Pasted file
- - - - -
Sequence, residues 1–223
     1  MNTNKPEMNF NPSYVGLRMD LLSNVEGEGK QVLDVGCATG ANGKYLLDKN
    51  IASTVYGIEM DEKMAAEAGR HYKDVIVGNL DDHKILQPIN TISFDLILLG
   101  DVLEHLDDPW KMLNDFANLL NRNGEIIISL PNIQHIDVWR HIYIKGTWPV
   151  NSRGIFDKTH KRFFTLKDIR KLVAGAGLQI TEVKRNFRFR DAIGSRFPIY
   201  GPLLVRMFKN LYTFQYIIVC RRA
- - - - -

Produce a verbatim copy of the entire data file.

Sequence, residues 1–223
     1  MNTNKPEMNF NPSYVGLRMD LLSNVEGEGK QVLDVGCATG ANGKYLLDKN
    51  IASTVYGIEM DEKMAAEAGR HYKDVIVGNL DDHKILQPIN TISFDLILLG
   101  DVLEHLDDPW KMLNDFANLL NRNGEIIISL PNIQHIDVWR HIYIKGTWPV
   151  NSRGIFDKTH KRFFTLKDIR KLVAGAGLQI TEVKRNFRFR DAIGSRFPIY
   201  GPLLVRMFKN LYTFQYIIVC RRA